Morocco: AIDS, Money and Sex Toys

Morocco has a low prevalence of the HIV infection, compared to other African countries. According to official figures, 2,800 Moroccans have presented the symptoms of the disease, whilst 22,300 have been infected and live with the virus, since the discovery of the illness in the 1980s. A day of campaigning, information and screening of HIV/AIDS was organized throughout the country on April 25.

Looking out to Sea by gwgs on Flickr.

Looking out to Sea by gwgs on Flickr.

The country has a reputation of tolerance, and although this is mainly a young and fairly open society there are still instances of prejudices suffered by people infected with the virus, and the stigma attached to HIV/AIDS as blogger Miloud reminds us:

ينظر المجتمع المغربي إلى هؤلاء المصابين باحتقار أحيانا وبخوف في أحايين أخرى، فالمغاربة يعتبرون أن السيدا لعنة إلهية تصيب المرء عقابا على سلوكه المنحرف البعيد عن الأخلاق والدين الإسلامي، وبناء على ذلك ينبذون المصابين […] يعيشون وسط القلق والاكتئاب والميولات الانتحارية بسبب هذا النبذ الاجتماعي وعدم التفهم الذي قد يكون في كثير من الأحيان من طرف أقرب الأقرباء.

Moroccan society looks at those infected with the virus sometimes with contempt, and some other times with fear. Moroccans consider HIV/AIDS as a divine curse invoked as a punishment for deviant behavior opposed to ethics and the Islamic religion they rejected those infected […] [The victims] live in a state of anxiety and depression, with suicidal tendencies caused by this social ostracization and with a lack of compassion even, sometimes, from close relatives.

Gay-Maroc-Musul, a blog interested in Moroccan gay issues, reminds us how financing is important and explains how NGOs, including the Moroccan prominent Anti-Aids association ALCS, who have met with French Foreign Minister Bernard Kouchner on April 22nd, to ask for more funds for The Global Fund to Fight AIDS, Tuberculosis and Malaria, have been disappointed by the minister's response:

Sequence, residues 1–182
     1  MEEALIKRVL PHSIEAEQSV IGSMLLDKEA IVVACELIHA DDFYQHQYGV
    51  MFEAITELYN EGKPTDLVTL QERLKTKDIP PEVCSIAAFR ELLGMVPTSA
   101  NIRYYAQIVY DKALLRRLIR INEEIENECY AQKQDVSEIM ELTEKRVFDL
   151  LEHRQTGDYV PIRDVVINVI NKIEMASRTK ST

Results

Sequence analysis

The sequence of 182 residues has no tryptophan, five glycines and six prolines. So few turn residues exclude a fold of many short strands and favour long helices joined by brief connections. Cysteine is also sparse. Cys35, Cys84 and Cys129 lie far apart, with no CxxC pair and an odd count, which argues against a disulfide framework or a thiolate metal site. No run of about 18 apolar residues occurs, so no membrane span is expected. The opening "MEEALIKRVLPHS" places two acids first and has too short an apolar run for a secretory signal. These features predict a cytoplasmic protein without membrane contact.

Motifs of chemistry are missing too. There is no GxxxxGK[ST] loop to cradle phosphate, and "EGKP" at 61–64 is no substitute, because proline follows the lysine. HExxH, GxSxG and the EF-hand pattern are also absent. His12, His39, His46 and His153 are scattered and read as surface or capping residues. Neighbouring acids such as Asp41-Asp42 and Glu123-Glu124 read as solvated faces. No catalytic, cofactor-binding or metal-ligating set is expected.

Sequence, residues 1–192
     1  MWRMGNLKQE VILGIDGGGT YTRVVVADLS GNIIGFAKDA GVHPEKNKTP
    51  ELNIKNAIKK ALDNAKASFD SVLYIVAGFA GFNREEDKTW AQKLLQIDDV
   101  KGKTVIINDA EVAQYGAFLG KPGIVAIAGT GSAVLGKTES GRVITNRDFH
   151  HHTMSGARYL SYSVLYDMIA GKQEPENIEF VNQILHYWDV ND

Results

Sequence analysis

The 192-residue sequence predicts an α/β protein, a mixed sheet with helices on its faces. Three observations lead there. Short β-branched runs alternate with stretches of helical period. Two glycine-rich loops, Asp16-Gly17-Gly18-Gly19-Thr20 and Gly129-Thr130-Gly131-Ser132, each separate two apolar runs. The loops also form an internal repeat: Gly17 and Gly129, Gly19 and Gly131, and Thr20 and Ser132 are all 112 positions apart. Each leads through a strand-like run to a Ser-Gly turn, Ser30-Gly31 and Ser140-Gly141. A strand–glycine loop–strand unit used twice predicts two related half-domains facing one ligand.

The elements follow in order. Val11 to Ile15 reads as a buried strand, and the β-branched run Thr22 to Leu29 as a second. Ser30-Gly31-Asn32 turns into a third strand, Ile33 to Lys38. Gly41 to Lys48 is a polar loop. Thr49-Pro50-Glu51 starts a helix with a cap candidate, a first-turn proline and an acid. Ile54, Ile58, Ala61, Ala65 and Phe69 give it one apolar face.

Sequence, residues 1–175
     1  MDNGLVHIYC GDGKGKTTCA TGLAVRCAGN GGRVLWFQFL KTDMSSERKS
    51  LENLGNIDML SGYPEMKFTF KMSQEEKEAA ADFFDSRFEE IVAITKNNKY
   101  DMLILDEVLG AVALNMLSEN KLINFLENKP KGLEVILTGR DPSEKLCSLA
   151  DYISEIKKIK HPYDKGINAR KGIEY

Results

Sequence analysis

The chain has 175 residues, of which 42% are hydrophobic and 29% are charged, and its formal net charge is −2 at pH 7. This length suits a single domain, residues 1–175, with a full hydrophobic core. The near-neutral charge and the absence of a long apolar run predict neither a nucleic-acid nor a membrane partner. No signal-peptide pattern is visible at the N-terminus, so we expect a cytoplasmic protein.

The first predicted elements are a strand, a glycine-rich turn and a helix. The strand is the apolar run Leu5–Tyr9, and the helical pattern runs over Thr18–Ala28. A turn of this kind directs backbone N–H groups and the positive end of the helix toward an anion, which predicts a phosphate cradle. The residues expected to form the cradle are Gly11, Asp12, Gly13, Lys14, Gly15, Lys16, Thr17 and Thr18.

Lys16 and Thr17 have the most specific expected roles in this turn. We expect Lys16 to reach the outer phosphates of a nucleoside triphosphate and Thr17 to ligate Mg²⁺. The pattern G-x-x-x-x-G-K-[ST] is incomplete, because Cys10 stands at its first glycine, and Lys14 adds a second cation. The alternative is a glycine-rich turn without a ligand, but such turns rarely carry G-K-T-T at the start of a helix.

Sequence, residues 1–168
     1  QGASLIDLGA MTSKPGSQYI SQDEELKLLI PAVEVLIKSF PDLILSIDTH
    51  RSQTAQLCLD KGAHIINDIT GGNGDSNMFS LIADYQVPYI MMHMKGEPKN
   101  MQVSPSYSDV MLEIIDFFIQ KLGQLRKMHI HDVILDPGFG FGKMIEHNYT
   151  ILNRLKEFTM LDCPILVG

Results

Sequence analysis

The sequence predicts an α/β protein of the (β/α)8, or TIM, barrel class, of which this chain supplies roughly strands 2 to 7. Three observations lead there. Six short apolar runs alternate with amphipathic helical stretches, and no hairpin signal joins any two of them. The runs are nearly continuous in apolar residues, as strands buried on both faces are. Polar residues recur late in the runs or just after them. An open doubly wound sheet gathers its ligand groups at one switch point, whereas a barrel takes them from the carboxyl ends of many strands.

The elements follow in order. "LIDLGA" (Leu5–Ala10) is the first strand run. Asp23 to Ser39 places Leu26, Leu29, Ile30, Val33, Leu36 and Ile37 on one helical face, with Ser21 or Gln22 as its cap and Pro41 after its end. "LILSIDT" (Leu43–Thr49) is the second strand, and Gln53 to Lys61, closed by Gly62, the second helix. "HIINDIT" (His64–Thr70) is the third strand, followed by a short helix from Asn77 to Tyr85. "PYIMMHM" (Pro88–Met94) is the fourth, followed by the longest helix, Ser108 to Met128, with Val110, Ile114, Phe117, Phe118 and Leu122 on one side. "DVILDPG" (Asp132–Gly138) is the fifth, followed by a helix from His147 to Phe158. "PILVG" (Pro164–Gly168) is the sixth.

[Les associations] ont fait valoir que le Fond Mondial n’avait plus assez de ressources pour financer tous les projets techniquement et scientifiquement validés qui lui sont soumis par les pays les plus pauvres. Mais Bernard Kouchner a clairement exclu toute augmentation de la France au Fonds mondial, confirmant juste le maintien de son financement actuel.

The associations have put forward the fact that the Global Fund lacks resources to finance projects technically and scientifically validated, submitted to it by the poorest countries. But Bernard Kouchner has clearly excluded any increase in France's [participation] in the Global Fund, and has only confirmed that his country will carry on contributing at its present level.

The HIV-AIDS pandemic has undeniably transformed the approach of many countries toward sexual questions that have long been considered taboo, especially in conservative societies. And as the Moroccan society tries to figure out the best way to fight the infection, and as discussions on sexual matters get more and more open throughout the blogosphere, we learn about signs of “sexual emancipation” as some would call it. According to Vanessa Pellegrin, a journalist based in Casablanca and blogging on the collective blog Casawaves:

Contrairement aux idées reçues, les marocaines (surtout celles âgées entre 20 et 25 ans) sont friandes [de sextoys]. Mis à part les commandes privées faites à une amie qui s’envolerait pour l’Europe, et qui ramènerait avec elle un jouet coquin sous le manteau, il existe de vrais réseaux, parfaitement discrets et organisés qui se chargent de vendre ces jouets pour adultes.

Contrary to preconceived ideas, Moroccan women (especially those aged between 20 and 25) are fond of sex toys. Apart from private orders passed through a friend flying over to Europe and who might bring back some naughty toy under the coat, there are real networks perfectly discreet and organised set up for selling those adult items.

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